The last AI/ML blog described the basics, regulation, and premarket submission / modification. This blog will be discussing the risk categorization and TPLC (Total Product Life Cycle) of AI/ML-based SaMD.
Artificial intelligence and machine learning is a new and innovative feature. Experts state that its significant potential to advance the field of medicine is unpredictable. Currently, there are no definite regulations that have been aimed towards artificial intelligence and machine learning. The FDA has been referring to the SaMD (Software as a Medical Device) regulations to create a temporary framework.  They are also consistently receiving feedback and changing the framework to provide a better guideline.


Risk Categorization

The FDA stated that the AI/ML-based SaMD (Artificial Intelligence / Machine Learning-based Software as a Medical Device) will follow the same risk categorization of SaMD.

International Medical Device Regulator Forum’s (IMDRF)  risk framework of SaMD has two major factors to provide information about the intended use of SaMD.

These two major factors are:

1) The Significance of information provided by the SaMD to the healthcare decision, which identifies the intended use of the information provided by the SaMD – i.e., to treat or diagnose; to drive clinical management; or to inform clinical management

2) State of healthcare situation or condition, which identifies the intended user, disease or condition, and the population for the SaMD – i.e., critical; serious; or non-serious healthcare situations or conditions.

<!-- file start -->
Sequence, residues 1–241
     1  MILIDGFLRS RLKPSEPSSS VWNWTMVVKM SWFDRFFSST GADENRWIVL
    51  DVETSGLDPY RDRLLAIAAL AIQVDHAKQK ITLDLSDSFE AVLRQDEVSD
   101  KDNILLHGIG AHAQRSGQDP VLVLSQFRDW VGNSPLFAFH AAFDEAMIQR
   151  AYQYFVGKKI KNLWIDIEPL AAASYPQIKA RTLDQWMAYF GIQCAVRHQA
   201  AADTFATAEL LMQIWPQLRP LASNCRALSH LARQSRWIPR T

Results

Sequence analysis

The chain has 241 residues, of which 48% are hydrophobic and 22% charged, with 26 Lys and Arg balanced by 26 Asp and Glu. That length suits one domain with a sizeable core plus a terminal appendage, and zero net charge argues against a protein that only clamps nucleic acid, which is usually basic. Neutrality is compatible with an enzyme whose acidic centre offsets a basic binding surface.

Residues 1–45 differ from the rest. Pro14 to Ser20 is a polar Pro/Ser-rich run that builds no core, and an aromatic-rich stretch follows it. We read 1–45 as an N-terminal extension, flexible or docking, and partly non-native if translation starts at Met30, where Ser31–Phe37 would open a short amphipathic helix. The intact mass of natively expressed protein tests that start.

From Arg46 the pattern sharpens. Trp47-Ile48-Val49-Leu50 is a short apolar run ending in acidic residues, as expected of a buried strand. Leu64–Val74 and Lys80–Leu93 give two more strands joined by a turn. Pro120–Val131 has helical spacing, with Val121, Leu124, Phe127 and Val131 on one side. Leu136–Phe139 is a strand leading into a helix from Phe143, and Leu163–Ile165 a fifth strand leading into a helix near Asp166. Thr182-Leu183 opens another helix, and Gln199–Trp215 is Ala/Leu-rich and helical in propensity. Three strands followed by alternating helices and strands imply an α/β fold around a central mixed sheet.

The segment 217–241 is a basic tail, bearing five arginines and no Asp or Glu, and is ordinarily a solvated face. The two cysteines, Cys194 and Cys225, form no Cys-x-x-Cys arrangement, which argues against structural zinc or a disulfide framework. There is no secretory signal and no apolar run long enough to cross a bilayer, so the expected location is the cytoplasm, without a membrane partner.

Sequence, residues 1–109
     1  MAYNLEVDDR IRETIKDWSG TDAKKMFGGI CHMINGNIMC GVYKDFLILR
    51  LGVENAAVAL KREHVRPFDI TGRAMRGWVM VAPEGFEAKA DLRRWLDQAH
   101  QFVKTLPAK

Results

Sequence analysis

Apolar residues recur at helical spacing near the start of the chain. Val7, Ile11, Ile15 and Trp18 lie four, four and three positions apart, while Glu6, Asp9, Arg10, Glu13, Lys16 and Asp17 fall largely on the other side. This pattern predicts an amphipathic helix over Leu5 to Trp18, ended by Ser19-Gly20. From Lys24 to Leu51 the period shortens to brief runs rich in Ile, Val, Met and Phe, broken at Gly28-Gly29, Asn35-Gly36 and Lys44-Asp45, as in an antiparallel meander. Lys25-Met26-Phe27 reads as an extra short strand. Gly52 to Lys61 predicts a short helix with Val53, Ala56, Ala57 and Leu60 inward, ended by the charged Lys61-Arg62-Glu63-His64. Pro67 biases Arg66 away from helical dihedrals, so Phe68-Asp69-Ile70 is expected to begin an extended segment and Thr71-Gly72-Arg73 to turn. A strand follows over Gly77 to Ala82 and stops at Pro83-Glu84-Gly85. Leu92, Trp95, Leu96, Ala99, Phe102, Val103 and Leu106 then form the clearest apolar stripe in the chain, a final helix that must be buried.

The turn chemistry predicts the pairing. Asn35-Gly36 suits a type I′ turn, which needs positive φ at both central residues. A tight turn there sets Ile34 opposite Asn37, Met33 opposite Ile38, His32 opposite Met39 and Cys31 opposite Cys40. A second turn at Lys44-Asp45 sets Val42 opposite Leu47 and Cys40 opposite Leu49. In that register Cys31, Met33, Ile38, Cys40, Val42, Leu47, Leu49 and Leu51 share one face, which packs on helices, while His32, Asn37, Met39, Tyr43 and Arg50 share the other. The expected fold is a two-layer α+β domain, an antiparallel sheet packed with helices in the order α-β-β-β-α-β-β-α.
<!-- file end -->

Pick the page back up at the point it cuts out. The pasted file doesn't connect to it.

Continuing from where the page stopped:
After evaluating the software according to the above two factors, the AI/ML-based SaMD will be placed into one of the four (I-IV) categories.

(Figure 1 retrieved from International Medical Device Regulator Forum, IMDRF)
*I signifies the lowest risk and IV is the highest risk.
*The figure can be used to reflect the risk associated with the clinical situation and device use.


Total Product Life Cycle (TPLC)

In order to maximize the potential of AI/ML devices, the FDA will use the TPLC approach that will balance safety and effectiveness.
The TPLC approach will allow the evaluation of premarket development, postmarked performance, and the organization itself to ensure continual excellence.

The general principle of this approach is to:

  1. Establish clear expectations on quality systems and good ML practices (GMLP);
  2. Conduct premarket review for those SaMD that require premarket submission to demonstrate a reasonable assurance of safety and effectiveness and establish clear expectations for manufacturers of AI/ML-based SaMD to continually manage patient risks throughout the lifecycle
  3. Expect manufacturers to monitor the AI/ML device and incorporate a risk management approach and other approaches outlined in “Deciding When to Submit a 510(k) for a Software Change to an Existing Device Guidance in development, validation, and execution of the algorithm changes (SaMD Pre-Specifications and Algorithm Change Protocol)
  4. Enable increased transparency to users and FDA using post-market real-world performance reporting for maintaining continued assurance of safety and effectiveness.

These four principles can be more generalized as:

1. Quality systems and good machine learning practice.
2. Initial premarket assurance of safety and effectiveness.
3. Approach for modifications after initial review with an established SPS and ACP
4. Transparency and real-time monitoring of AI/ML-based SaMD


The FDA has already cleared or approved several AI/ML-based SaMD with the locked algorithm.
Its performance is hard to predict since it can only be assessed after examining how the software evolves through the consumption of real-world experience over time.
As a result, the intended output may be different than what it was originally given clearance for.
The FDA will continually revise the temporary regulatory framework of this powerful tool in order to provide safe and effective guidelines to developers, manufacturers, and patients.

You can read more about the full proposed regulatory framework published by the FDA here.

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